Earlier this month, we had the chance to interview Theresa, one of our au pairs from Germany who is three months into her au pair stay with a host family in Madrid. Thanks, Theresa, for sharing your experience with us! Such a pleasure to have you be part of the Amazing Pairs Team!
- Can you tell us a bit more about yourself, Theresa?
Hi, my name is Theresa, I am 17 years old and I am from Dresden, in Germany. My city is located in the east, in the state of Saxony, and has a population of about 550.000 people. Last summer I graduated from secondary school and wanted to take a year off before going to university due to my age as well as my wish of learning another language.
- What inspired you to become an au pair?
Well, firstly I wanted to do something with children in general, that is primarily because in my family as well as in my group of friends I am one of the youngest and I wanted to do something with younger people. My first idea was actually to be a GAP-YEAR-student at a boarding school in England or at any other international school, preferably in Europe. Long story short, that did not work out, either because of my age or complications due to the Brexit, so I ended up searching for something I could do instead.
Secondly, I wanted to learn an additional language. Since the beginning of secondary school, besides English, I only got taught Latin, which was really great considering how much easier it is to learn Spanish now because of many similarities between those two languages.
The third reason is probably that I wanted to learn more about the culture of another country, including history, art, music, food, habits and different ways of living of the people. In the end, I can say that being in Madrid and also in my family, although I have been here just three months, I have already experienced so much more than I imagined, and I am incredible thankful for the experience.
- Why did you choose Spain? And Madrid?
I chose Spain firstly because of the language. Spanish is one of the most spoken languages in the world and still quite easy to learn for us Europeans compared to for example any language from the asian area.
But, also, a very important factor was the location. I did not want to be more then 5 flight hours away from my family. Also, staying in the EU made everything easier for me, considering the passport or VISA, especially because I decided to be an Au Pair less then two months before I arrived in Spain.
Additionally, I was interested in the Spanish culture. I chose the city of Madrid because I wanted to experience living in a bigger city, and not just being a tourist in one. In general, I love being in the countyside but for my everyday life I prefer to be in a city.
In retrospect choosing Madrid is also better for me personally, considering the language. When I travelled around Spain I noticed that in many parts of the country the accents are quite strong and not as easy to understand, especially in the south.
- What was the most important question you asked your host family in the interview, that helped you realize they were the right host family for you?
Definitely their way of education. You have to be on the same page about how the kids should be educated and how to react in all kinds of situations. You don’t just need to know the house rules of the family and their way of handling complications, you also need to embrace the strategies in your own thinking. Only then can you act with confidence and conviction when something happens and it is your job to find a solution. In order to agree with those rules, you should form your own precise opinion about education in general before you talk about it with your family.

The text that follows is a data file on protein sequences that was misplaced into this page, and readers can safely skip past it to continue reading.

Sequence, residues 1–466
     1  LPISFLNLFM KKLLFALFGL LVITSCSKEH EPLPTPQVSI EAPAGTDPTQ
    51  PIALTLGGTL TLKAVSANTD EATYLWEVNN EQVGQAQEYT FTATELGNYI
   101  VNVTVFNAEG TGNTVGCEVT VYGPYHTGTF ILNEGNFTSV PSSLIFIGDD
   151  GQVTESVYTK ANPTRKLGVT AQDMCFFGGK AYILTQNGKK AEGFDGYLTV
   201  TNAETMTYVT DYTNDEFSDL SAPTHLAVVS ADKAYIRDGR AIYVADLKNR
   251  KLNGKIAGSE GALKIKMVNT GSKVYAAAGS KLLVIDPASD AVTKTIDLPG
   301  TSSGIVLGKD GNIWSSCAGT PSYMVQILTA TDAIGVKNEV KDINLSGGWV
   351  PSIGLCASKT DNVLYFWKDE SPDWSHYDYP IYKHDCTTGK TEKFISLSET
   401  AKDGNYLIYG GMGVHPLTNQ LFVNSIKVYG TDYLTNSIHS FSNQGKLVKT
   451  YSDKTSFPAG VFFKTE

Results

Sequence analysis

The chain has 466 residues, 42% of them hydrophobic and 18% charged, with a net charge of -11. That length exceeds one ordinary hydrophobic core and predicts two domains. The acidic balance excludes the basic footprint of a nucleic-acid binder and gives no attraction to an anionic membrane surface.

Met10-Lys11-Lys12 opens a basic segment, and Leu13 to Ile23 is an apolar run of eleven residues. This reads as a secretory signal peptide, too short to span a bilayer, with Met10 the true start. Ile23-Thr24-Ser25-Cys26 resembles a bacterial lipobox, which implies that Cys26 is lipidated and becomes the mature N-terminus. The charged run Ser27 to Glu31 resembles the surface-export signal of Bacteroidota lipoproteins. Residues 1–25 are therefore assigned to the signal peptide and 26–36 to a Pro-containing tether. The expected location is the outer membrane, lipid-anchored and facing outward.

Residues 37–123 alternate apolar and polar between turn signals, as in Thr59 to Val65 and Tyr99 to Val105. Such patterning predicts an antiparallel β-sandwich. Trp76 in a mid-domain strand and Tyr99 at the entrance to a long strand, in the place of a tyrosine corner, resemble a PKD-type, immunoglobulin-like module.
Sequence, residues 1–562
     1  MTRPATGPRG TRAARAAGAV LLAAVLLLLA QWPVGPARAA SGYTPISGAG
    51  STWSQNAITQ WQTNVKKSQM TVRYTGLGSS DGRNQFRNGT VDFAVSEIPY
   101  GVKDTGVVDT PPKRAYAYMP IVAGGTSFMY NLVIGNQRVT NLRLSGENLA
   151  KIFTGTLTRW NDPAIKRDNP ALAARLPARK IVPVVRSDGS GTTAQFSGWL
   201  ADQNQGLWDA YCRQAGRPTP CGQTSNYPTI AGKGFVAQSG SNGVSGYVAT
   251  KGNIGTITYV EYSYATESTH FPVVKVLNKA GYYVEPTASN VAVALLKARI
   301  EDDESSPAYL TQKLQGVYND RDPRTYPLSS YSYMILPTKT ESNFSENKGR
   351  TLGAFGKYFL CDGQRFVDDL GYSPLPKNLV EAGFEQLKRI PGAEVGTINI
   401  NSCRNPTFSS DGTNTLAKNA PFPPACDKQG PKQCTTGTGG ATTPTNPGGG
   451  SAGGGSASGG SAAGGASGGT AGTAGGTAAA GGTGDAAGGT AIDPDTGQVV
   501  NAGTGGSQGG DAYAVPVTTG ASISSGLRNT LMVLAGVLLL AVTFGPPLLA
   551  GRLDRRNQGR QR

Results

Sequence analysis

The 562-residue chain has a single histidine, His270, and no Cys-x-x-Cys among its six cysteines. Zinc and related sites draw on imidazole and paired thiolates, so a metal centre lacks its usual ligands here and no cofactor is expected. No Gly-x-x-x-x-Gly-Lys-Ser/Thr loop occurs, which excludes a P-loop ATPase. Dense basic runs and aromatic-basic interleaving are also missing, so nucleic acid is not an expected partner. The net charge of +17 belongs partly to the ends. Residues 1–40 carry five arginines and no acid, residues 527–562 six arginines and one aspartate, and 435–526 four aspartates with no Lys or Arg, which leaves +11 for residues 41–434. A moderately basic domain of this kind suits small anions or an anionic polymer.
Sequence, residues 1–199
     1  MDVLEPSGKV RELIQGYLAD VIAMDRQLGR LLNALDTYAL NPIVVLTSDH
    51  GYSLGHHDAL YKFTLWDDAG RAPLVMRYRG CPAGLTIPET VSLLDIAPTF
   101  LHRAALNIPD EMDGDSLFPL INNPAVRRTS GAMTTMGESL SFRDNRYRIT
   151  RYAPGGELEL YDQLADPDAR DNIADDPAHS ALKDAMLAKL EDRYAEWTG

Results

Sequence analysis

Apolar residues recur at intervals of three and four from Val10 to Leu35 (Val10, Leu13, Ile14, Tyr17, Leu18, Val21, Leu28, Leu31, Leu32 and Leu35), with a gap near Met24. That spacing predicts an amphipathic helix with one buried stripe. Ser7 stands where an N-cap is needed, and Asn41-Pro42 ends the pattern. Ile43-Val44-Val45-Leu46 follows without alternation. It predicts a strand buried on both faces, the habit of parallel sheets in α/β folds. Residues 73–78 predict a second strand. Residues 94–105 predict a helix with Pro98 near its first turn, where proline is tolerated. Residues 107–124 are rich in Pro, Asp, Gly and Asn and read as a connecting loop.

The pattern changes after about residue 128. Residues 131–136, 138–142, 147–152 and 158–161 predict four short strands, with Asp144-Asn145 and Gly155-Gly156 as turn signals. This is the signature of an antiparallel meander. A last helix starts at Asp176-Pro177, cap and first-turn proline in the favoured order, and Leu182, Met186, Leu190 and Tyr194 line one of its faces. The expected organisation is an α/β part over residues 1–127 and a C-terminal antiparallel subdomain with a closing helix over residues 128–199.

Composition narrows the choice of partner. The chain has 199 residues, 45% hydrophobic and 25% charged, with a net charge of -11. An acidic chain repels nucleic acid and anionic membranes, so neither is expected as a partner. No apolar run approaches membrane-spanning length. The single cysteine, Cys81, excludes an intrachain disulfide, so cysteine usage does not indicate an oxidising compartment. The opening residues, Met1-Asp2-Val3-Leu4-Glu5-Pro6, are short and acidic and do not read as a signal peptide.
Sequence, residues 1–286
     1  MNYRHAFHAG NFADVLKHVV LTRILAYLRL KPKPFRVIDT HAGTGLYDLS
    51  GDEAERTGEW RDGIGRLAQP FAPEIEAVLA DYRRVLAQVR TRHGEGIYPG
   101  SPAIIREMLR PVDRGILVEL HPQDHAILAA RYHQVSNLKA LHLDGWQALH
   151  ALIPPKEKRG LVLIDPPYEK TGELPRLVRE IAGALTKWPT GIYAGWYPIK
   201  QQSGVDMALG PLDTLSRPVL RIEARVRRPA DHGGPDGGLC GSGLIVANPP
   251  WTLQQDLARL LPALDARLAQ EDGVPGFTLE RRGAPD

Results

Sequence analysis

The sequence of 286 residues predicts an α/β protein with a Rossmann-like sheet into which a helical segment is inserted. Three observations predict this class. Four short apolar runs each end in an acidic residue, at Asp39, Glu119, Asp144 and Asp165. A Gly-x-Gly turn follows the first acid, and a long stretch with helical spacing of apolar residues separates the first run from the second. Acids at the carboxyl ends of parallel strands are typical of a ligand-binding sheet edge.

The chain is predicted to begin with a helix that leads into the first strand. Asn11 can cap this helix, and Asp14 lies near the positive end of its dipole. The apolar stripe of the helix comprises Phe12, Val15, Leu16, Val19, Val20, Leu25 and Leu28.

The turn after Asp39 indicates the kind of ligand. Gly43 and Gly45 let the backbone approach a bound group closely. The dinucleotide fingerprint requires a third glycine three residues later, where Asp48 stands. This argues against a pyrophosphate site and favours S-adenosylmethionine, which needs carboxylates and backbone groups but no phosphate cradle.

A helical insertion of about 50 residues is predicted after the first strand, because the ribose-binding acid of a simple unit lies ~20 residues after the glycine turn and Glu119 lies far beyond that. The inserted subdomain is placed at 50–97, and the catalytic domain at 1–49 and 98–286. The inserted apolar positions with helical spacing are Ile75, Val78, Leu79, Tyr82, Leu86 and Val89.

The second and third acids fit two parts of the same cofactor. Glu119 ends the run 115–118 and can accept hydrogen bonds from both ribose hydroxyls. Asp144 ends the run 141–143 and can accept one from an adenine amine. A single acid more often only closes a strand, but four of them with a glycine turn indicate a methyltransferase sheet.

- So, one of the first things you had to do when you got to Madrid was choose the language course. How did you choose the right language course for you, from among all the options?
Most importantly, I would recommend to not book a class when you are still at home. When you arrive, take the first week off and go around the city, get a first impression, take in the atmosphere from the streets and your new environment. Do some sightseeing, study the map of the metro, and visit some language schools. Take your time, study the length and the intensity of different courses and compare it to what you think you are able to do and what you are willing to do. Take a look at possible classmates or students in general, talk to the teacher if you can.
There are schools with a lot of au pairs, there are others with people of all ages and backgrounds, some focus on activities and do an excursion once a week during lessons, others test you every two weeks with a small test in order to guide you better through your learning process. In any case, even if you think you found your school, please consider checking out the others that are on your list.
For me, finding my school involved a lot of walking between several districts, but when I visited my school I loved the learning atmosphere and the location. It takes me around an hour to get to class everyday because I live quite far away from the centre and my school is literally located at Gran Via, but I wouldn’t change my school any day.
- How would you describe the experience of living with your host family, now that you've been living with them for a few months?
Well, in general I am a person that can adapt to a lifestyle, connect with people and feel home very easily, but I also had a ton of luck that my host family and I share so many interests and our dedication for those. But on top of that, I get a lot of privacy and adequate free time and I don’t have any curfew when going out. I can talk about a lot of stuff with my host parents and they also really open up to me which is not something I take for granted.